Other regulatory agencies may step in when companies experience compromised data. For instance, credit agency Equifax settled with the Federal Trade Commission (FTC) for a data breach incident in 2017. The company must offer free credit services and pay fines to victims of the incident.
Establishing proper data protection will help customers trust your business. It could mean the difference in getting business over your competitors. Customers will choose companies that exercise good judgment and procedures. It’s also essential to be transparent when breaches occur.
Protecting data includes backing it up, scanning for viruses and malicious agents, and abiding by customer requests for data removal. When creating a backup plan, store extra copies in remote locations. In the event of a disaster, you can recover your data from this remote location.
5. Get Some Good Quality Insurance
Choosing business insurance is a complicated process. The choices themselves aren’t necessarily complicated. It’s in knowing which ones you need for your business.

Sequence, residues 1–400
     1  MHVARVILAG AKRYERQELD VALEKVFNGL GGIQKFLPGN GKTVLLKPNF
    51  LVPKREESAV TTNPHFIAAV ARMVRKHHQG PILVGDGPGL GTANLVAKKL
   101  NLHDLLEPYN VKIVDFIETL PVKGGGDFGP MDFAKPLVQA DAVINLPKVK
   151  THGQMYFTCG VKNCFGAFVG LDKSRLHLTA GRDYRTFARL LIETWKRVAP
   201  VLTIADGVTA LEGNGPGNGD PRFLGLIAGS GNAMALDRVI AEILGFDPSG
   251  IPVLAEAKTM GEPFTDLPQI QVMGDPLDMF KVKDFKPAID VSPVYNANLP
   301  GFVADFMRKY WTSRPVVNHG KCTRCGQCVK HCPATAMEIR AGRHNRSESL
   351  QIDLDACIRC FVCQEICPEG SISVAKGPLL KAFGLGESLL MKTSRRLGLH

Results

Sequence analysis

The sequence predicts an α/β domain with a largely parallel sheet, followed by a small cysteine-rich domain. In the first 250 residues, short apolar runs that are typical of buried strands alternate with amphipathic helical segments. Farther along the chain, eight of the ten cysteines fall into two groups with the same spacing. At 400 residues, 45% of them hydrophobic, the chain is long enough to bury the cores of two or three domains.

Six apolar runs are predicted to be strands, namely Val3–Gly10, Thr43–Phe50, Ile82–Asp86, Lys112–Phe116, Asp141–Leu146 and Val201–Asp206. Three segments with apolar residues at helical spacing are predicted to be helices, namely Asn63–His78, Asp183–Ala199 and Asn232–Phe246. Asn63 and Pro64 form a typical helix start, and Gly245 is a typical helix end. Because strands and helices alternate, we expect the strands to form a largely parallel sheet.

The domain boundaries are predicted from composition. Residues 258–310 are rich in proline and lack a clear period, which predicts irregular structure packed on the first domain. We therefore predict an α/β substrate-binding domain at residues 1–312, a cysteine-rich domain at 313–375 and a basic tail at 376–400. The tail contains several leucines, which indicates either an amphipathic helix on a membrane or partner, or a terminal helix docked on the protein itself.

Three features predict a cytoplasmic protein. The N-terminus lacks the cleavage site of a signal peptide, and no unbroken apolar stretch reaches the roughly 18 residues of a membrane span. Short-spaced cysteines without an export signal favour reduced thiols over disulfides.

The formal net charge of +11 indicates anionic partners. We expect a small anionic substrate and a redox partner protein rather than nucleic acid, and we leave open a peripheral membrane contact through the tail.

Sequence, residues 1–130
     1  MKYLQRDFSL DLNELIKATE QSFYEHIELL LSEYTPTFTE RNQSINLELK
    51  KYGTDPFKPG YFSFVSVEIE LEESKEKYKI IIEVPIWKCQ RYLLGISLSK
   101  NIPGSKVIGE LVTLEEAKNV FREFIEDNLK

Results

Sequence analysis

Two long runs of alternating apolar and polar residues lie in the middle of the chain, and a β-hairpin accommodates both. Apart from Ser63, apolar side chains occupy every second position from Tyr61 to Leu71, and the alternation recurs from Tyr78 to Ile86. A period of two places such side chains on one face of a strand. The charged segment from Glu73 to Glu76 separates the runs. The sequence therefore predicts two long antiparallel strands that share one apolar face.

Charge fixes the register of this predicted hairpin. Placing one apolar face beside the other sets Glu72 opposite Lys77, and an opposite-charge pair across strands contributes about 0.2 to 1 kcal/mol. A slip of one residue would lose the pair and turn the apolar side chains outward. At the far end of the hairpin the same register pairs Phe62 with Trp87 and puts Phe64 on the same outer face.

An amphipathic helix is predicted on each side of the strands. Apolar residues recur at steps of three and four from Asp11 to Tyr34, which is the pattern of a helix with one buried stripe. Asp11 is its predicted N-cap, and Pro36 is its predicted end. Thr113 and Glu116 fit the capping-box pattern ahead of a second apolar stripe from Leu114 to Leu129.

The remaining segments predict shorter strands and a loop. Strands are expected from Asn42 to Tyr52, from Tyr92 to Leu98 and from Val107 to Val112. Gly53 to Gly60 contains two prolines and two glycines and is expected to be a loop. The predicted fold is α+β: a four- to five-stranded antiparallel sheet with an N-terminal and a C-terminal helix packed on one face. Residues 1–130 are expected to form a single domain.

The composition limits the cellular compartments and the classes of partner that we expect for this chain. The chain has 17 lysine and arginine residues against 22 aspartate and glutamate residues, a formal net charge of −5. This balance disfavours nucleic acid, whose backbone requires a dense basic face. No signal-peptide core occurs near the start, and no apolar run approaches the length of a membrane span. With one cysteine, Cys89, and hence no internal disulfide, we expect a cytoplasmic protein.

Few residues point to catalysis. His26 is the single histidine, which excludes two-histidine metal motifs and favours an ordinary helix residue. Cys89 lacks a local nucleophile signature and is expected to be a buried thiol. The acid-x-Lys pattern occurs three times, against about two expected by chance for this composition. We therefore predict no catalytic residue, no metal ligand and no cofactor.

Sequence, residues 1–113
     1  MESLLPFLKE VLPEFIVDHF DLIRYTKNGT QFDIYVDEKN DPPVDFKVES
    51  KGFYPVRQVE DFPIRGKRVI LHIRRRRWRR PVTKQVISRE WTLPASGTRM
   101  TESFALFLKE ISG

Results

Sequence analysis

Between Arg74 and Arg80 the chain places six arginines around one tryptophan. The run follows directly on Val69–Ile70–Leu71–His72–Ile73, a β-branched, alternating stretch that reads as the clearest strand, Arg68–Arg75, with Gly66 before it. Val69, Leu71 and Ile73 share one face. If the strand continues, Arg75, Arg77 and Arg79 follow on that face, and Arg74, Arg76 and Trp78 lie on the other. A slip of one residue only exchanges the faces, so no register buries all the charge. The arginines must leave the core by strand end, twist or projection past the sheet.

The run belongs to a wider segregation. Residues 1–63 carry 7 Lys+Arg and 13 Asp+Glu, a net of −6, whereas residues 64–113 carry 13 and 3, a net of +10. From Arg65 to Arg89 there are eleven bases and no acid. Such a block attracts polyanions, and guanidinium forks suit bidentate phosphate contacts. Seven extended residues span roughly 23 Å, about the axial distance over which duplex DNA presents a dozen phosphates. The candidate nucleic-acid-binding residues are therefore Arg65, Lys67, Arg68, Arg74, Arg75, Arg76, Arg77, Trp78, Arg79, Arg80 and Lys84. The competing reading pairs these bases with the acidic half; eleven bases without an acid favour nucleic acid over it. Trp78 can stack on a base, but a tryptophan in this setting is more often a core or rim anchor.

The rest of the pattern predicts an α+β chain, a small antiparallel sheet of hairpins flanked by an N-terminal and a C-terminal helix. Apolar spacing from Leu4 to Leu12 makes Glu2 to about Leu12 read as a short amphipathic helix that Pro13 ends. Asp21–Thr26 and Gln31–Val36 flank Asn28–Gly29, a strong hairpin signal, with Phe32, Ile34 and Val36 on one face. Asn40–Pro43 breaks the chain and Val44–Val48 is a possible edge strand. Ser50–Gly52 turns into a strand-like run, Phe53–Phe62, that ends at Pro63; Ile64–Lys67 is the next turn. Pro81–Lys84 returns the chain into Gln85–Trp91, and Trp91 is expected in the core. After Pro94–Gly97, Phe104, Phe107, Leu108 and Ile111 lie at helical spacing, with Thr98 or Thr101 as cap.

The wrong coverage will create a false sense of protection, which is illustrated by the online company KissMetrics. The company was sued for privacy concerns. They had business insurance and thought their coverage was adequate, but the fine print suggested otherwise.
It’s crucial to understand what coverage you are paying for. Try to determine as many situations your business may face and ask if you’d be covered for them.
There are five main types of business insurance and one that combines coverage, according to the SBA. They include general liability, product liability, professional liability, commercial property, and home-based business. The business owner’s policy simplifies choosing from the others by combining it into one policy.